Policies regulating reporting of fugitive gas emissions vary, and there is often an emphasis on self-reporting by companies. A necessary condition to successfully regulate greenhouse gas (GHG) emissions is the capacity to monitor and quantify the emissions before and after the regulations are in place.[26]

Since 1993, there have been voluntary actions by the oil and gas industry in the United States to adopt new technologies that reduce methane emissions, as well as the commitment to employ best management practices to achieve methane reductions at the sector level.[27] In Alberta, the Alberta Energy Regulator maintains a database of self-reported instances of gas migration and surface casing vent flows at wells in the province.[9]

Reporting of leakage in British Columbia did not start until 1995, when it was required to test wells for leakage upon abandonment. Testing upon drilling of the well was not required in British Columbia until 2010.[1] Among the 4017 wells drilled since 2010 in British Columbia, 19%, or 761 wells, have reported leakage problems.[1] Fieldwork conducted by the David Suzuki Foundation, however, has discovered leaky wells that were not included in the British Columbia Oil and Gas Commission's (BCOGC) database, meaning that the number of leaky wells could be higher than reported.[1] According to the BCOGC, surface casing vent flow is the major cause of leakage in wells at 90.2%, followed by gas migration at 7.1%. Based on the methane leakage rate of the reported 1493 wells that are currently leaking in British Columbia, a total leakage rate of 7070 m3 daily (2.5 million m3 yearly) is estimated, although this number may be underestimated as demonstrated by the fieldwork done by the David Suzuki Foundation.[1]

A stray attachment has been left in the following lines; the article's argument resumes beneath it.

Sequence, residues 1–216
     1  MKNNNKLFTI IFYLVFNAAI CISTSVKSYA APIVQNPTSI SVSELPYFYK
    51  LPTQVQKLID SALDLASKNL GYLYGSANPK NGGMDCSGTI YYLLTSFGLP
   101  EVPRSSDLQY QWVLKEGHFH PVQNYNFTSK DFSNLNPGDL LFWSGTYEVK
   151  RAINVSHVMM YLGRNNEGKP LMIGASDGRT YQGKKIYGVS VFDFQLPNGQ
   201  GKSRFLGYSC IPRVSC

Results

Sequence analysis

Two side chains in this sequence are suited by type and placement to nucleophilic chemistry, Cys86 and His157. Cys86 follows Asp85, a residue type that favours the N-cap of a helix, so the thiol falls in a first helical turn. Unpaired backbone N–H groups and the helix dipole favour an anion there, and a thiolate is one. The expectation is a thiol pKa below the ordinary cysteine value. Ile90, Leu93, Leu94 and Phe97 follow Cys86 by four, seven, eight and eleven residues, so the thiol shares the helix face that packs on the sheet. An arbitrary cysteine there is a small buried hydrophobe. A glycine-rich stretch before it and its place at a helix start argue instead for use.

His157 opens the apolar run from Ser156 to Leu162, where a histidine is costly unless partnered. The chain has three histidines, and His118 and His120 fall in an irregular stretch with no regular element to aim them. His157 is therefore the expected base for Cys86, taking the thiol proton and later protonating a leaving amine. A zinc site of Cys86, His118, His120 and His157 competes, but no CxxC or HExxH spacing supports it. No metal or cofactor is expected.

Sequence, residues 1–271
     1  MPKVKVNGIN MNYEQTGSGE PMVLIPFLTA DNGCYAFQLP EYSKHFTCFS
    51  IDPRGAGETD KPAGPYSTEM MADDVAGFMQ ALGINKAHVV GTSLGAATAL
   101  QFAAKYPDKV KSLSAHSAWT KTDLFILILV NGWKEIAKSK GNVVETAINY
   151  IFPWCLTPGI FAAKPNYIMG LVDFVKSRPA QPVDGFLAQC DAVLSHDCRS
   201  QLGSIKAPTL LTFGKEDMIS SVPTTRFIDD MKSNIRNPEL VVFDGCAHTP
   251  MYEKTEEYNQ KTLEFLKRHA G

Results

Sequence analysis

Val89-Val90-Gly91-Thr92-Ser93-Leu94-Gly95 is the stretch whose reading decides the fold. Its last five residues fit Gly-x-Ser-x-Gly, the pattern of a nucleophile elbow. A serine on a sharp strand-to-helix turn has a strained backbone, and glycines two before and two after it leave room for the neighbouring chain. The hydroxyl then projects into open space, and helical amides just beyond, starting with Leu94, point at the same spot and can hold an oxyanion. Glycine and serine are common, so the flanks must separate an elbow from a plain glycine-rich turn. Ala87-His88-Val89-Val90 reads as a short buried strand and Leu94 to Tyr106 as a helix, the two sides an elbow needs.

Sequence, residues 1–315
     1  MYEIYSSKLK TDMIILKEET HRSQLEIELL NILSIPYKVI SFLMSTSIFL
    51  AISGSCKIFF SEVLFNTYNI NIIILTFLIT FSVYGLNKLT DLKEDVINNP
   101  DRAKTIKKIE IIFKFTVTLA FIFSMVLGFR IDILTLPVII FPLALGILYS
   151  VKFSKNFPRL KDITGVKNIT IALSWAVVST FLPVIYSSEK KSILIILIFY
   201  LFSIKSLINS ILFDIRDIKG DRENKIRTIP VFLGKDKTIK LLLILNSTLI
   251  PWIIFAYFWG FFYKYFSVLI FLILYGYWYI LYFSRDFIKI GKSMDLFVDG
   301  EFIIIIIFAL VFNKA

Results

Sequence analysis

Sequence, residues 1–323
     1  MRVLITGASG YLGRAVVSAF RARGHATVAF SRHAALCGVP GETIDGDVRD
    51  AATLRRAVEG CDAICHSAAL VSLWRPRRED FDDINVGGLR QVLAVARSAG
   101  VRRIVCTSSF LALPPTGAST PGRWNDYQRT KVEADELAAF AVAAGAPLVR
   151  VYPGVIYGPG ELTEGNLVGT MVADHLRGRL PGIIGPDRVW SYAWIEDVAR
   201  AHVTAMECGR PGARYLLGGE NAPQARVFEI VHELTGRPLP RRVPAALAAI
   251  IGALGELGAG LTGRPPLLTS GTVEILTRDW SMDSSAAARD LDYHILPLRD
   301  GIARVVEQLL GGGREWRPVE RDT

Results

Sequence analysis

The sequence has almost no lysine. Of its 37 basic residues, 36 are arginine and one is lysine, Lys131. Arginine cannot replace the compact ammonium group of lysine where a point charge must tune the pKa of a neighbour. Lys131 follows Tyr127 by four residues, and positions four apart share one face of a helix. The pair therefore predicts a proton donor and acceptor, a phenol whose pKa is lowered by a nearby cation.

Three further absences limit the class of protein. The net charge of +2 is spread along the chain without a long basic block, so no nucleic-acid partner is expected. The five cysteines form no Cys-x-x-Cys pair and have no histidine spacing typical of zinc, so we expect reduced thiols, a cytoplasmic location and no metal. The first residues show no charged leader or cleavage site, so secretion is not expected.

Bottom-up inventories of leakage involve determining average leakage rates for various emission sources such as equipment, wells, or pipes, and extrapolating this to the leakage that is estimated to be the total contribution by a given company. These methods usually underestimate methane emission rates, regardless of the scale of the inventory.[19]

Addressing issues stemming from fugitive gas emissionsEdit

There are some solutions for addressing these issues. Most of them require policy implementation or changes at the company, regulator, or government levels (or all three). Policies can include emission caps, feed-in-tariff programs, and market-based solutions such as taxes or tradeable permits.[28]

Canada has enacted policies which include plans to reduce emissions from the oil and gas sector by 40 to 45% below 2012 levels by 2025.[13] The Alberta government also has plans to reduce methane emissions from oil and gas operations by 45% by 2025.[12]

Reducing fugitive gas emissions could help slow climate change, since methane has a radiative force 25 times that of carbon dioxide when considering a 100 year time frame.[9][16] Once emitted, methane is also oxidized by water vapour and increases carbon dioxide concentration, leading to further climate effects.[17]

Costs of reducing fugitive gas emissionsEdit

Costs related to implementation of policies designed to reduce fugitive gas emissions vary greatly depending on the geography, geology, and hydrology of the production and distribution areas.[14] Often, the cost of reducing fugitive gas emissions falls to individual companies in the form of technology upgrades. This means that there is often a discrepancy between companies of different sizes as to how drastically they can financially afford to reduce their methane emissions.

Addressing and remediating fugitive gas emissionsEdit

The process of intervention in the case of leaky wells affected by surface casing vent flows and gas migrations can involve perforating the intervention area, pumping fresh water and then slurry into the well, and remedial cementing of the intervention interval using methods such as bradenhead squeeze, cement squeeze, or circulation squeeze.[25]

See alsoEdit

ReferencesEdit